Law and ethics
The language used within this website conforms to current best practice within the U.K. as of 2021. It is worth noting that terminology in different countries varies as does legislation, and legislation changes over time.
You may see both the terms SEN (Special Educational Needs) and SEND (Special Educational Needs and Disability) used, depending on the different settings. However, as we discuss physical disability access requirements in addition to SEN, we use the term SEND throughout this website. The term legally covers a person from ages 0–25 years, but many of the adjustments and approaches we suggest will be relevant and useful to older adults with learning disability and other forms of disability, such as dementia. Physical access adaptations similarly will benefit a wider range of visitors.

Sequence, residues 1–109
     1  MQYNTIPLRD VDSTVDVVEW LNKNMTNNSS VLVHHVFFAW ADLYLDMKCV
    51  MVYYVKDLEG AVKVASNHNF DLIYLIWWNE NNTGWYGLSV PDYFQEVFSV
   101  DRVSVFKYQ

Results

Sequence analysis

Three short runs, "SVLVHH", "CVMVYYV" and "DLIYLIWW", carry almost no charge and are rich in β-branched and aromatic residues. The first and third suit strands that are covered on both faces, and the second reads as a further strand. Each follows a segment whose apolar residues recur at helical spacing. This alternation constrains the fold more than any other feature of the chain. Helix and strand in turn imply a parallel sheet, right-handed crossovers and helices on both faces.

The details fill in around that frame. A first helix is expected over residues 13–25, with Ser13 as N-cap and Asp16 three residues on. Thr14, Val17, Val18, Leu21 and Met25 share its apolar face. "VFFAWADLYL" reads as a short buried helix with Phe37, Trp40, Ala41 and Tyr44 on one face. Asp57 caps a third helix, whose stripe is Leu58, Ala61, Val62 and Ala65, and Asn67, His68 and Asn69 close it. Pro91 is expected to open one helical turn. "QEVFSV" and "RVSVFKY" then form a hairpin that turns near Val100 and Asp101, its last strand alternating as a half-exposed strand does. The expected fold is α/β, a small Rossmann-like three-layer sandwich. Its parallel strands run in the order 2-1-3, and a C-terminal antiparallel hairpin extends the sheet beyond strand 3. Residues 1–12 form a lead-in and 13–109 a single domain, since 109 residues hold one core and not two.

There are three main pieces of legislation that govern the rights of SEND children and young people and their families; anyone caring for a disabled person is also protected under the Equality Act. We set out a brief overview here and signpost you to more information. It’s important to know that SEND children and young people also have specific, legal rights to access cultural engagement.
Definition of disability under the Equality Act 2010
The Equality Act 2010 identifies anyone as disabled if they have a physical or mental impairment that has a “substantial” and “long-term” negative effect on their ability to do normal daily activities. There are currently 13.9 million people in the U.K. who are disabled, and 8% of the U.K. child population are SEND.